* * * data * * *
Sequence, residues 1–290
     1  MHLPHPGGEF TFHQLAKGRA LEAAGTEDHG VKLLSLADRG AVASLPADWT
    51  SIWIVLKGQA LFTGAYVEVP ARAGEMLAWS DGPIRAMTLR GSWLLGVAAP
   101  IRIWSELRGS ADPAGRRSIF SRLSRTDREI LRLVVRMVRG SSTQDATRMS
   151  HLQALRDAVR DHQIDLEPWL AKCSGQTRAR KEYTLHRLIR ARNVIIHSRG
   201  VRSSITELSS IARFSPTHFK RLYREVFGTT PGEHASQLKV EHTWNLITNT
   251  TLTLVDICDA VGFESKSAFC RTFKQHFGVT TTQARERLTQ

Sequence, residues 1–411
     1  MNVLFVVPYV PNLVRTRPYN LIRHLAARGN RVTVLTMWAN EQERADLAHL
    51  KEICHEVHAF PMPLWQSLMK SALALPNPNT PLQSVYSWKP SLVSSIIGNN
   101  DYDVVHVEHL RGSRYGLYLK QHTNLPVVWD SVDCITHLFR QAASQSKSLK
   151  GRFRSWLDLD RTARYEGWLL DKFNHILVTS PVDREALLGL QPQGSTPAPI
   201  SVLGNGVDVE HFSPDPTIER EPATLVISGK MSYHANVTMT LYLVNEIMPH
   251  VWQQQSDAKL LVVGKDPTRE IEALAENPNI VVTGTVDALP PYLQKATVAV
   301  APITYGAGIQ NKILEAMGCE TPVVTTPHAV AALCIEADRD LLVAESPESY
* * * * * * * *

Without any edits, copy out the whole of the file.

Sequence, residues 1–290
     1  MHLPHPGGEF TFHQLAKGRA LEAAGTEDHG VKLLSLADRG AVASLPADWT
    51  SIWIVLKGQA LFTGAYVEVP ARAGEMLAWS DGPIRAMTLR GSWLLGVAAP
   101  IRIWSELRGS ADPAGRRSIF SRLSRTDREI LRLVVRMVRG SSTQDATRMS
   151  HLQALRDAVR DHQIDLEPWL AKCSGQTRAR KEYTLHRLIR ARNVIIHSRG
   201  VRSSITELSS IARFSPTHFK RLYREVFGTT PGEHASQLKV EHTWNLITNT
   251  TLTLVDICDA VGFESKSAFC RTFKQHFGVT TTQARERLTQ

Sequence, residues 1–411
     1  MNVLFVVPYV PNLVRTRPYN LIRHLAARGN RVTVLTMWAN EQERADLAHL
    51  KEICHEVHAF PMPLWQSLMK SALALPNPNT PLQSVYSWKP SLVSSIIGNN
   101  DYDVVHVEHL RGSRYGLYLK QHTNLPVVWD SVDCITHLFR QAASQSKSLK
   151  GRFRSWLDLD RTARYEGWLL DKFNHILVTS PVDREALLGL QPQGSTPAPI
   201  SVLGNGVDVE HFSPDPTIER EPATLVISGK MSYHANVTMT LYLVNEIMPH
   251  VWQQQSDAKL LVVGKDPTRE IEALAENPNI VVTGTVDALP PYLQKATVAV
   301  APITYGAGIQ NKILEAMGCE TPVVTTPHAV AALCIEADRD LLVAESPESY